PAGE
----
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LibreTexts - LibreTexts

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10 to 12
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LibreTexts is an open educational resource (OER) for finding and sharing textbooks, textmaps, and libretexts. The site currently covers twelve college disciplines, from chemistry to...more
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LibreTexts is an open educational resource (OER) for finding and sharing textbooks, textmaps, and libretexts. The site currently covers twelve college disciplines, from chemistry to the humanities. Advanced features within the books include embedded multimedia, embedded code, and the ability to use Hypothesis, reviewed here, as a collaborative digital annotation tool within texts. Choose the Explore the Libraries option to find material by subject. Most subjects include links to texts, course shells (teaching modules from different institutions), and homework examples.

tag(s): business (56), careers (149), cells (104), communication (15), differentiation (52), ecology (135), electricity (95), elements (39), engineering (130), environment (320), evolution (106), financial literacy (110), genetics (91), geology (77), gifted (80), literature (263), logic (253), magnetism (41), mental health (29), nutrition (156), oceans (164), OER (28), organisms (22), periodic table (55), plants (175), professional development (196), psychology (65), religions (74), sociology (24), space (233), spanish (107), statistics (133), STEM (211)

In the Classroom

LibreTexts is a bonanza for AP and teachers of gifted students. Take advantage of the free texts, course outlines, and homework resources to differentiate instruction and provide lessons for advanced students. Choose resources from LibreTexts for use in any classroom to supplement current materials. As part of career-planning activities, ask students to browse through topics that interest them. Encourage students to collaborate with others with similar career interests, both in the classroom and globally. Extend learning by suggesting that students participate in Ted-Ed Clubs, reviewed here. These Clubs allow participants to share in global meetings with peers that have a common interest. As students learn more about their chosen field, encourage them to interact with members of your community to ask questions and perhaps job shadow as a way to understand the career through personal experience. If using course materials and textbooks found on LibreTexts, this is the perfect opportunity for students to ask clarifying questions from their mentor. Enhance learning by making students the experts. Ask them to present their career findings using a multimedia tool like Sway, reviewed here, to share the information learned with peers.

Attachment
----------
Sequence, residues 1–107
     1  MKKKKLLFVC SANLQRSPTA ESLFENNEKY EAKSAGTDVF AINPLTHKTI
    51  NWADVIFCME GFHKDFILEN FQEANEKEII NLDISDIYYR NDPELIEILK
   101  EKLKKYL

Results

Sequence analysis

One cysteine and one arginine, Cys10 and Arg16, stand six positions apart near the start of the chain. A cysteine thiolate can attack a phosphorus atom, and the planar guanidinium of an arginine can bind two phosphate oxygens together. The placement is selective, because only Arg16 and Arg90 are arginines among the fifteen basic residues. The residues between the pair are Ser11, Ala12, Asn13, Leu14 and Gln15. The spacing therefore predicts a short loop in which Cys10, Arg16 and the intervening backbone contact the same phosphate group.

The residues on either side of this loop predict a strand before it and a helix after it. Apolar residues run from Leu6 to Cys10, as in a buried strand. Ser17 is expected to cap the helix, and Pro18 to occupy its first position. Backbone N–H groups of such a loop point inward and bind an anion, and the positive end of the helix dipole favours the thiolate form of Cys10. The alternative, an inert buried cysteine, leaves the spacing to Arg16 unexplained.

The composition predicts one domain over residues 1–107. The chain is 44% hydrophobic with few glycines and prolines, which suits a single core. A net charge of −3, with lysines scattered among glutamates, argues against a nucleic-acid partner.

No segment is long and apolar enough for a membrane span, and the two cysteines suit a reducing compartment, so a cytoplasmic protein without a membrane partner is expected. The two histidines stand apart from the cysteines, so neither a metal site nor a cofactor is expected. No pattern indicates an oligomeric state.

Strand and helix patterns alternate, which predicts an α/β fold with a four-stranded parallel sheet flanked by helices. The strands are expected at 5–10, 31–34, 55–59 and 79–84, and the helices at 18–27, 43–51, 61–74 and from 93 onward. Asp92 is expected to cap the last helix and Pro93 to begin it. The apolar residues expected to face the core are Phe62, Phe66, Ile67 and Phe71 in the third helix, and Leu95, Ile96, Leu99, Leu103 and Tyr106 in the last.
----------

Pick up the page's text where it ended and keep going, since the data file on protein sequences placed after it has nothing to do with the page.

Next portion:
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Constitutional Rights - Constitution Center

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7 to 12
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Explore the rights that the United States shares with other countries around the world with this interactive from the Constitution Center. Begin by selecting a constitutional right...more
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Explore the rights that the United States shares with other countries around the world with this interactive from the Constitution Center. Begin by selecting a constitutional right from the list next to the globe to highlight the countries that also include that right for their citizens. Select any highlighted country to compare their version with the U.S. In addition to sharing the text from each country, this interactive includes the percentage of text with content that matches between the two chosen countries.

tag(s): bill of rights (28), constitution (94), countries (84), cross cultural understanding (137)

In the Classroom

Include this interactive with any lessons on constitutional rights or when studying different nations. Create a Padlet, reviewed here, for your class to add and comment on constitutional rights around the world. Create columns on your Padlet by country or specific rights, then ask students to share information and articles detailing information on that right. Use an online news site like World News, reviewed here, for students to find news from around the world and search by regions. Challenge computer-savvy students to create a game using Scratch, reviewed here, that takes players around the world to learn about rights and freedoms found in different nations. Ask other students to create podcasts discussing current events and freedoms from around the world. Buzzsprout, reviewed here, is an excellent podcast creation tool and includes features for adding links and lists to shows, and allows users to schedule podcast releases for specific dates and times.

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Global Youth Perspectives - Global Oneness Project

Grades
7 to 12
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This collection from the Global Oneness Project includes a series of lessons based on stories of youth around the world, ranging from preschoolers to Scotland. The films and images...more